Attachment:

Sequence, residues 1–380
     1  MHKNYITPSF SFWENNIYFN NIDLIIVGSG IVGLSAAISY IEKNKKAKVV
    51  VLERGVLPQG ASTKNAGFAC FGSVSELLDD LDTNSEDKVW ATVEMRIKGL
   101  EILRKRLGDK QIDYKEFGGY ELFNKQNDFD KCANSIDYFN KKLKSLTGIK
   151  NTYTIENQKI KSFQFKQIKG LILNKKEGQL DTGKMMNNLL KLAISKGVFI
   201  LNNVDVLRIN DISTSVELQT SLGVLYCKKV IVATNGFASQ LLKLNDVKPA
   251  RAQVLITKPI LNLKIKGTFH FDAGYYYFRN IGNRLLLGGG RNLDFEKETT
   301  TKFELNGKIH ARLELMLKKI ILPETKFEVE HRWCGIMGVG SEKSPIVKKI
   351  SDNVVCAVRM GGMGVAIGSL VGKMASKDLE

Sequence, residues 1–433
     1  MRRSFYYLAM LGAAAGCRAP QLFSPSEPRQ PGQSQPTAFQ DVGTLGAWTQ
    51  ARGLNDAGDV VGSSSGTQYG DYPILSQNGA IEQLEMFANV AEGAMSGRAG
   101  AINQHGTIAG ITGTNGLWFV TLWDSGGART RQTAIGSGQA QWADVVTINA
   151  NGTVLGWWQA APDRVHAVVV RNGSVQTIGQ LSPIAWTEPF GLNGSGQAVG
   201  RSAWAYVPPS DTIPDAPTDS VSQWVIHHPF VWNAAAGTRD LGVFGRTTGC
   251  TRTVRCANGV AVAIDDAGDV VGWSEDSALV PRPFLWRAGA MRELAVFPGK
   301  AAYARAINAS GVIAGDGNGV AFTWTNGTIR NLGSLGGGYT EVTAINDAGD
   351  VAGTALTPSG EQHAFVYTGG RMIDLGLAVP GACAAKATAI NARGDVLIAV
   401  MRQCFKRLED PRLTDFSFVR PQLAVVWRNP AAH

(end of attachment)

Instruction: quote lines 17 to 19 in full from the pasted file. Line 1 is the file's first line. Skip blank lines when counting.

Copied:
   301  AAYARAINAS GVIAGDGNGV AFTWTNGTIR NLGSLGGGYT EVTAINDAGD
   351  VAGTALTPSG EQHAFVYTGG RMIDLGLAVP GACAAKATAI NARGDVLIAV
   401  MRQCFKRLED PRLTDFSFVR PQLAVVWRNP AAH